Security Alert: Black Hat ASO Malware

Howdy folks!

Last week I saw a post regularly popping up on twitter. Originally it was in Spanish and I was using G translate to try understand it but luckily the content creators published an English version.

Usually I ignore tweets around app store optimization on twitter, on a normal day it’s roughly the same five people re-tweeting their own content repeatedly through bought or automated tweets to manipulate web search. Needless to say I’m not a fan of that behaviour, it’s not adding value and isn’t good marketing. However, on this occasion this particular piece of content was coming from multiple and, seemingly, legitimate places and I’m glad I took the time to read it.

Shuabang is what exactly?

If you’ve spent any time in the app marketing world you’ll have heard of app store optimisation. If you’ve spent a lot of time in the app marketing industry you’ll know that the rankings can be heavily influenced by the app download metric, i.e. the more downloads the better the ranking. This, of course, has lead to a big industry developing around high volume automated downloads which in China is called Shuabang.

Why we talking about this now?

Security company elevenpaths.com recently published at report (this is the report appearing on twitter) on this service after finding malicious Shuabang apps in the Play, incidentally Google has removed them already so no need to panic.

The full report is definitely worth reading and can be found on their blog. They’ve got it in Spanish and English.

 The are key points…

I do suggest you read the full thing to get an idea of how clever these sorts of systems are but if you don’t have the patients Elevnpaths drew up some conclusions along with a diagram of the system behaved. Super interesting…if you’re a nerd. The following is a direct quote.

Conclusions

Although the attacker seems to have a known ultimate goal (black ASO), he achieved several interesting milestones by developing these malicious apps:

  • He created or bought 12,567 Google accounts, most of which were automatically created. Account creation requires breaking a CAPTCHA.
  • He achieved a low level understanding of the Google registration and device to account association process. He was able to program them to work automatically. This is not officially documented and there is very little documentation about this.
  • He was able to introduce some 100 malicious apps in Google Play with apparently harmless permissions.
  • He was able to manage a task system that fully optimized the activity of the infected network by distributing download and account association tasks, etc.
  • He was able to use the victims’ devices features to associate them with accounts and thus perpetrate the fraud, as if a fake user was registered in the victim’s device.
  • Although the victim’s account data is not affected, these malicious apps imply taking advantage of resources and violating privacy.

Check out this diagram by Eleven Paths. It show’s how clever but equally how few steps it took to automate account credential theft, automated downloads and reviews.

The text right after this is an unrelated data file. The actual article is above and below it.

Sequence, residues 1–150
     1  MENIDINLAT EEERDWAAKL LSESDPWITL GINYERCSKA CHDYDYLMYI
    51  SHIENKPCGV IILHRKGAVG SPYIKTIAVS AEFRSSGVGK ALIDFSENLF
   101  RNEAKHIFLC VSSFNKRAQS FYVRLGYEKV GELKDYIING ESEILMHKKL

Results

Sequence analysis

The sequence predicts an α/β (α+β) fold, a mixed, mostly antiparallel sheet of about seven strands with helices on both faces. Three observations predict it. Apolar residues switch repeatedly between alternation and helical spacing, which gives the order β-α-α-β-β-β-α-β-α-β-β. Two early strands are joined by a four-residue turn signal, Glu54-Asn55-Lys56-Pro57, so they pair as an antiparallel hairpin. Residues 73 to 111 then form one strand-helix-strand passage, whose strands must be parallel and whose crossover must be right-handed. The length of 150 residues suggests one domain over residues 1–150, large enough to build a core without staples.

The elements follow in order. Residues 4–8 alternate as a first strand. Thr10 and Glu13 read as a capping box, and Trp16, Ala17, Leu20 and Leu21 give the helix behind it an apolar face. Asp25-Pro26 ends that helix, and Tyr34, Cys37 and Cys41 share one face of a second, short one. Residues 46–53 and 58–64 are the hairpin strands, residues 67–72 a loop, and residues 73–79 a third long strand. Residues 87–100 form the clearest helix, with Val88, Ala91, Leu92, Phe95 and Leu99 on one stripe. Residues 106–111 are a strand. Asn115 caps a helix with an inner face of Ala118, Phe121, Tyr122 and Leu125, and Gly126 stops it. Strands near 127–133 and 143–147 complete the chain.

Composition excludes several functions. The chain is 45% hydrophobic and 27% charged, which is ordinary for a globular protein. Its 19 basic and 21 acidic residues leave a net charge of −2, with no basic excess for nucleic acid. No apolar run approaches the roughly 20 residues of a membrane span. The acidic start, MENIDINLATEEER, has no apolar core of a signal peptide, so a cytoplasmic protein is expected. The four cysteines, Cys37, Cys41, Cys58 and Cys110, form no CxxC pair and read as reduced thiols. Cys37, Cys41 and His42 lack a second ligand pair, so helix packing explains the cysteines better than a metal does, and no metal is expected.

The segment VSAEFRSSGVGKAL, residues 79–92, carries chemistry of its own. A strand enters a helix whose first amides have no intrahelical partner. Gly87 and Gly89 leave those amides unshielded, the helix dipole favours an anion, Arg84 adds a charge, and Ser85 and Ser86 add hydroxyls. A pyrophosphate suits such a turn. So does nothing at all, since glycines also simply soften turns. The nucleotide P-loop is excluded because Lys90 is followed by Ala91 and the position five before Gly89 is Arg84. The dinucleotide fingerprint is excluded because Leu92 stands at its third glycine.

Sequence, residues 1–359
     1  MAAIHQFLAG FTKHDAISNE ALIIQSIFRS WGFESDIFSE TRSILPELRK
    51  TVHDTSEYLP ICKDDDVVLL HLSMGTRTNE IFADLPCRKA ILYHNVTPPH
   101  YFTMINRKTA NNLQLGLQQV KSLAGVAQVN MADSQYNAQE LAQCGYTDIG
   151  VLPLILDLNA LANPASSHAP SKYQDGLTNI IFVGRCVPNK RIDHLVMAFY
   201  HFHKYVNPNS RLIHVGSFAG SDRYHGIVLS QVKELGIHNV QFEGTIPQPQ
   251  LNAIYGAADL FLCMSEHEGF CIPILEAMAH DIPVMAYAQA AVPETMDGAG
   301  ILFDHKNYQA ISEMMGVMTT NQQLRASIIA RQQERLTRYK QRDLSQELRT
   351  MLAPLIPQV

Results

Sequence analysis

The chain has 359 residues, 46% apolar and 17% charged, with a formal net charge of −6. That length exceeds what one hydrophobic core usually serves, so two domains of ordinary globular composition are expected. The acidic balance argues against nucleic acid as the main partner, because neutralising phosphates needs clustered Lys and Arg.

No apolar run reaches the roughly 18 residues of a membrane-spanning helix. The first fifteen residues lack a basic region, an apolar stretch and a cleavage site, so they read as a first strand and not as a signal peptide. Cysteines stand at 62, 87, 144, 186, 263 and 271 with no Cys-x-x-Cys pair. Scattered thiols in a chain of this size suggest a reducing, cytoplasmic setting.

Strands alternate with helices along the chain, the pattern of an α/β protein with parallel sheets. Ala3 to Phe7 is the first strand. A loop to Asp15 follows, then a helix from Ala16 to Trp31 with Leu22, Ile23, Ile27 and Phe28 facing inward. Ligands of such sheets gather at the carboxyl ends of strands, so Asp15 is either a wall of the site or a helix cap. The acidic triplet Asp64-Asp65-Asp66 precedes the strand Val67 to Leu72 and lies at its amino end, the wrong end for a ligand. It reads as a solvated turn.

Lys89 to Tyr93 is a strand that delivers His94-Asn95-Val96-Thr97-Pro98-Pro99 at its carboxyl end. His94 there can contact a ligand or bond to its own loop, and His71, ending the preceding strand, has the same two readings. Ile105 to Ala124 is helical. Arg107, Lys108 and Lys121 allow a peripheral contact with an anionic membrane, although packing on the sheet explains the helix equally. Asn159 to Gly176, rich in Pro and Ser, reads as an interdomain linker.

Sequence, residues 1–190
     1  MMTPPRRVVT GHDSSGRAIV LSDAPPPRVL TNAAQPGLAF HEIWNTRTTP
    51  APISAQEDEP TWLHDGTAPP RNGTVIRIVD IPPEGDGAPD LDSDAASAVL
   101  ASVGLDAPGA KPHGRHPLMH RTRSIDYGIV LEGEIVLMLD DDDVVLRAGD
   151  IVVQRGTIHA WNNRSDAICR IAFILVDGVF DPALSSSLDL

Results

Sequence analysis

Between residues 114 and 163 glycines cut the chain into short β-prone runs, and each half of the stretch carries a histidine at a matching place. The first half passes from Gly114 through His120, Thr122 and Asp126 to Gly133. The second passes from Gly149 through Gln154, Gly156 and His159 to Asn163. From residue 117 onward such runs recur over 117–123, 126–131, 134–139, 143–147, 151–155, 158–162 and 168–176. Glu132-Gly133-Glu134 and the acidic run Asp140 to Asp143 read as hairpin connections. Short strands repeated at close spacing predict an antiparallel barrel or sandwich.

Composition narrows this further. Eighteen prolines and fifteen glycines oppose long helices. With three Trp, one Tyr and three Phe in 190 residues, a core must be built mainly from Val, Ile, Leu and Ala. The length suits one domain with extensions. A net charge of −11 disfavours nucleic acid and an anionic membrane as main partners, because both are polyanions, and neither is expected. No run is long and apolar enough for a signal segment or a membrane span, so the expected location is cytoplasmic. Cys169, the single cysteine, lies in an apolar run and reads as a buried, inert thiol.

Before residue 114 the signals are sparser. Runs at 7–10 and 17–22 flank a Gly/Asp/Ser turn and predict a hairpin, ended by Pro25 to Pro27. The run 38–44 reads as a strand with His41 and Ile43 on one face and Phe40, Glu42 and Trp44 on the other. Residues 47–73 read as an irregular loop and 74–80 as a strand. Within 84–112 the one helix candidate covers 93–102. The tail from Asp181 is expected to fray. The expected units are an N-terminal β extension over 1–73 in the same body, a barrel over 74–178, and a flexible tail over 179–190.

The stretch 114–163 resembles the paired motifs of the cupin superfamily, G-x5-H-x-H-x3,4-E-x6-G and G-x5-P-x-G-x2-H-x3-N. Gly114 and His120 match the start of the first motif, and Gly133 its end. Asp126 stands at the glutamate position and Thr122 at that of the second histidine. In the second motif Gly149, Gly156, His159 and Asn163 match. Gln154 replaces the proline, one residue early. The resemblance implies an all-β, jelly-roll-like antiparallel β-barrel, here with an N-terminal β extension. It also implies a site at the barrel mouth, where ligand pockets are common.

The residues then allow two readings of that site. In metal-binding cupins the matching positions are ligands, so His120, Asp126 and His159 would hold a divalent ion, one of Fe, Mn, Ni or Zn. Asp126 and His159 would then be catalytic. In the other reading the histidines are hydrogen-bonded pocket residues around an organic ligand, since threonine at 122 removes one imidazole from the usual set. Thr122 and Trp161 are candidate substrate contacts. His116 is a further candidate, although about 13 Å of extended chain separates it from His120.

shuabang-flow

Why app marketers should be interested in this?

If you’ve read their blog post you’ll understand what length the developer (referred to as ‘he’, not sure if that’s an assumption or not) went to in order to develop a system which would generate ‘fake’ reviews from zombied accounts. It demonstrates the weakness of an app chart which is volume driven and of which the crux of that volume is determined by reviews and downloads which as demonstrated in this study can be manipulated with relative easy.

Challenges for the future

Although Google caught this act of manipulation early on, part of the damage had been done. Future attempts my be caught in the act and hopefully before anyone’s details are taken. However, there are always going to be people out to manipulate and spam search driven marketing channels and it’s up to the two power houses at the top to become smarter to help reduce fraud and deception in their app stores.

I’m not sure how an anti-spam team works but if it was me in charge I’d be constantly trying to break the system. I’m not sure if having an internal team to do this would be efficient. A way around this is  Apple or Google could offer rewards demonstrating how their algorithms could be manipulated through automation. This would rally a huge force of developers to help crack down on holes in the system. All the search engines would need to do is plug the holes and work on improving quality metrics.

Theirs a good chance they won’t do that so…

Another way is to reduce the dependency on the volume and review metrics of the stores or apply a cross reference with other metrics to ensure that it’s a natural growth and not a bot. One way to do this would be to look for social growth or social references over the peak time of downloads. Another is to couple social with press mentions. Look for a broader base of growth. This would imply that there is more that just downloads happening there is a movement, for lack of a better phrase.

Thinking out loud

All of  this is me thinking out loud, Play and the App Store could already be moving towards this way of thinking. Either way it’s my opinion that it can’t come quick enough.

Feel free to comment, call me out, brain storm (like I am) or vent your anger about your app store experiences.

Search and Mobile enthusiast, like to tinker in apps, machine learning, big data and currently Python.

2 replies
  1. Marcelo Brahimllari
    Marcelo Brahimllari says:

    Quality! Its fun to see that Blackhat ASO is 100 times more complicated than Blackhat SEO (where pointing a couple of low quality links to a page is considered wrong)

    Reply

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